Flask

First Flask web app

As everyone should know by now, I love coding challenges. A while ago I came across this one, which is rather long:
Using python with gevent 0.13.x and your choice of additional libraries and/or frameworks, implement a single HTTP server with API endpoints that provide the following functionalities:

      A Fibonacci endpoint that accepts a number and returns the Fibonacci calculation for that number, and returns result in JSON format. example:

      1. $ curl -s 'http://127.0.0.1:8080/fib/13'
      2. {"response": 233}
      1. $ curl -s 'http://127.0.0.1:8080/fib/12'
      2. {"response": 144}
      An endpoint that fetches the Google homepage and returns the sha1 of the response message-body (HTTP body data).example:

      1. $ curl -s 'http://127.0.0.1:8080/google-body'
      2. {"response": "272cca559ffe719d20ac90adb9fc4e5716479e96"}
      Using some external storage of your choice (can be redis, memcache, sqlite, mysql, etc), provide a means to store and then retrieve a value.Example:

      1. $ curl -d 'value=something' 'http://127.0.0.1:8080/store'
      2. $ curl 'http://127.0.0.1:8080/store'
      3. {"response": "something"}</li>

At one point in my past a coworker talked about his love of the Flask micro framework. Since this is just a simple web API, I figured I'd give it a shot. This is a bit of a complicated task with many pieces, so let's set a game plan for the rest of this post. I'm going to share the specific functions related to each piece of functionality, then at the very end I will share the entire code base so everyone can see how it all fits together. One last note - to test out the run, you need to call the run.py script, which will also be included below. Ready … BREAK!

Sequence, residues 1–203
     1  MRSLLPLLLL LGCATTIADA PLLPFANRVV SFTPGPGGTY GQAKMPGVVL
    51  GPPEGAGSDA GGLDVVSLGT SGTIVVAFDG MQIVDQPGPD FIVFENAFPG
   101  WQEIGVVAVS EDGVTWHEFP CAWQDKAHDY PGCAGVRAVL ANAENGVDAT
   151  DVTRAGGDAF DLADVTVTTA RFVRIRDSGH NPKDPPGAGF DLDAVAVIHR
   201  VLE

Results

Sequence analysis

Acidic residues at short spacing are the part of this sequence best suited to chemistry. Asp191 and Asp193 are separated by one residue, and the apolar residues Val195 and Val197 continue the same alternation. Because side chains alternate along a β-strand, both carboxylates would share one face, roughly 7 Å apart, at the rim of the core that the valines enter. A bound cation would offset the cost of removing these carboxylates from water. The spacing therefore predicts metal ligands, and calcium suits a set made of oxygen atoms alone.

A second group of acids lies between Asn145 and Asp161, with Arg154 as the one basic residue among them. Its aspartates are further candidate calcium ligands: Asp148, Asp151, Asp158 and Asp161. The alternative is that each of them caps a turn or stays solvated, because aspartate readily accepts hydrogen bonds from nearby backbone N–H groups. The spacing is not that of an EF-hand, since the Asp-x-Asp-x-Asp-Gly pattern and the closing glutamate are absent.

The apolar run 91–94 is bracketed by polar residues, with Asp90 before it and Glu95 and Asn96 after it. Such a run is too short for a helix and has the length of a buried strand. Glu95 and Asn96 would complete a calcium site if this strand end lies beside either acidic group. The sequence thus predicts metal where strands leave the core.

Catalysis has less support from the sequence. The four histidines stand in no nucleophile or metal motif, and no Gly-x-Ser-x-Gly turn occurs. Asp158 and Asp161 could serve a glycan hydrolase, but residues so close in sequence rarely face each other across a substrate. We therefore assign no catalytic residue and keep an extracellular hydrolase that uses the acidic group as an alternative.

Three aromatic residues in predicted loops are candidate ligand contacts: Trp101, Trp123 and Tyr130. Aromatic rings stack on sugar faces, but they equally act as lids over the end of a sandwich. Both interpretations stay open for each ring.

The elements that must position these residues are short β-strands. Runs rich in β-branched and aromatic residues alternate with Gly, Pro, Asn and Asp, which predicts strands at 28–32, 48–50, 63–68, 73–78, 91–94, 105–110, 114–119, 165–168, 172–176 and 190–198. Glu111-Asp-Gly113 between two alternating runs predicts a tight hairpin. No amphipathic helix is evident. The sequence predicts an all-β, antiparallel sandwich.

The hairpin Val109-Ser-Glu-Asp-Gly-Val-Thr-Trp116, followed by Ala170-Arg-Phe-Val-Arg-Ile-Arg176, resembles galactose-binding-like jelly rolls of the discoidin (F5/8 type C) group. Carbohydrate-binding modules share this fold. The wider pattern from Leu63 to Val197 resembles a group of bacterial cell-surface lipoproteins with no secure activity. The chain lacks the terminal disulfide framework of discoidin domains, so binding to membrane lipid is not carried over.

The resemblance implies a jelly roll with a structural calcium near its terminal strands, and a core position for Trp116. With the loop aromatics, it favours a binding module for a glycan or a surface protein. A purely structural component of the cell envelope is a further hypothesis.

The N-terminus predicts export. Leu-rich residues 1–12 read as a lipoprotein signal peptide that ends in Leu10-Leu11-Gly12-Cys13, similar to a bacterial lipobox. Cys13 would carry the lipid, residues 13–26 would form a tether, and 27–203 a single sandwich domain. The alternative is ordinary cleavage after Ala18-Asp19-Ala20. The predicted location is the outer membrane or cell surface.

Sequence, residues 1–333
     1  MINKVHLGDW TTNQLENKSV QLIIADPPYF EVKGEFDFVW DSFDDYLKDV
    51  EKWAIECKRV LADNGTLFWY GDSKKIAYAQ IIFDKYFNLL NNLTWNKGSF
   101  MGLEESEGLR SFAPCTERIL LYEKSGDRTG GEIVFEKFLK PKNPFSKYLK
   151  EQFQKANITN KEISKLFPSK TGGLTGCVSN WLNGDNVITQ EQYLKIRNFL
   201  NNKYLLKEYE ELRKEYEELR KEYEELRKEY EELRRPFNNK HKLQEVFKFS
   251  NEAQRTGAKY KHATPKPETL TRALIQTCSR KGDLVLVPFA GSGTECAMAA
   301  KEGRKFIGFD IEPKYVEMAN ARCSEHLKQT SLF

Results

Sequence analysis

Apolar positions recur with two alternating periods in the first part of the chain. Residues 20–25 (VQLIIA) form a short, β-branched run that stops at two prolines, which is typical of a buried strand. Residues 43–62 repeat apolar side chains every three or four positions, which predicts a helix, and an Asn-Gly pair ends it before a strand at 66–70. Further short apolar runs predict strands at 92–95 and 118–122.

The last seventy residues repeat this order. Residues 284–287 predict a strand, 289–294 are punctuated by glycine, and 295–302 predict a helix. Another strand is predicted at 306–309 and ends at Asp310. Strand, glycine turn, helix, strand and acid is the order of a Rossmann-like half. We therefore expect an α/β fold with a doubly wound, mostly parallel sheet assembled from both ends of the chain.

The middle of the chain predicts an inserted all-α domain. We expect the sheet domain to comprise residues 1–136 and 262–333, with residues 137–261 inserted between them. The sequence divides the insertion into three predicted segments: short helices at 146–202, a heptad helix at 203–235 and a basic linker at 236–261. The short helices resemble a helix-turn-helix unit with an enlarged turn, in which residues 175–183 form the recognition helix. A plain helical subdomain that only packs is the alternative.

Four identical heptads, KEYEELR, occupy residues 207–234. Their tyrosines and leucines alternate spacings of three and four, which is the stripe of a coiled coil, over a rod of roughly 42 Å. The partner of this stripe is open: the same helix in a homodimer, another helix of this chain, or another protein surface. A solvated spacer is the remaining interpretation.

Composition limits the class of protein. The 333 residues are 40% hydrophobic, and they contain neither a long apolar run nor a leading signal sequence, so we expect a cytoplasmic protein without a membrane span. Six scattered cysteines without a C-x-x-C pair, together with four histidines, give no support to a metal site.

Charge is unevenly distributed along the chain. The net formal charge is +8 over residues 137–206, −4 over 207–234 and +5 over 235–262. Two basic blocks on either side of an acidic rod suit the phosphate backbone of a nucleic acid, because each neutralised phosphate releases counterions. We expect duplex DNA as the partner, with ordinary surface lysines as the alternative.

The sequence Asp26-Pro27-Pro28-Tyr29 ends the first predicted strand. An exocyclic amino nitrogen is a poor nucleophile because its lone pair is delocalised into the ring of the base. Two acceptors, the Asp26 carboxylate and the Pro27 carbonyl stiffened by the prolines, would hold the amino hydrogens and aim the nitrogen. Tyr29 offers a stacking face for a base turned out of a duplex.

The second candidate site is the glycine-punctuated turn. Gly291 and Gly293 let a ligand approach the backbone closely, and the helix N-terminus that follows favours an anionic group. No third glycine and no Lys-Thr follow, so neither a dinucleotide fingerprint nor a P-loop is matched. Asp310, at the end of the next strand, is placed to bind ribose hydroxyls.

Let's tackle the google-body endpoint first:

  1. @app.route('/google-body')
  2. def google_body():
  3. try:
  4. sh = sha.new(urlopen('http://www.google.com').read())
  5. return jsonify({'response' : sh.hexdigest()})
  6. except Exception as e:
  7. return jsonify({'response' : 'ERROR: %s' % str(e)})

While this code block is very compact, it's not difficult to understand. Go out to the internet, get the source code for google's home page and insert that into the sha object. Wrap up the hexdigest results into a dictionary object, throw that into the jsonify function, and send it on its way. Don't forget to package it all in a nice try/except block for safety.

Onto the Fibonacci API call:

  1. @app.route('/fib/<number>')
  2. def fib(number):
  3. try:
  4. return jsonify({'response' : real_fib(int(number))})
  5. except ValueError:
  6. return jsonify({'response' : 'ERROR: Input not a number'})
  7.  
  8. @lru_cache()
  9. def real_fib(n):
  10. """
  11. This code was modified from the fib code in the python3 functools
  12. documentation.
  13. """
  14. if n < 2:
  15. return n
  16. return real_fib(n-1) + real_fib(n-2)

During PyCon US 2012, I became aware of the lru_cache decorator in python3.3. I also learned that Raymond Hettinger wrote code that would allow it work in python2, which allowed me to copy the code from the python3 documentation with little modification. Knowing about the lru_cache allowed me to write a nice and concise Fibonacci function reminiscent of something I might write in Haskell or some other functional language.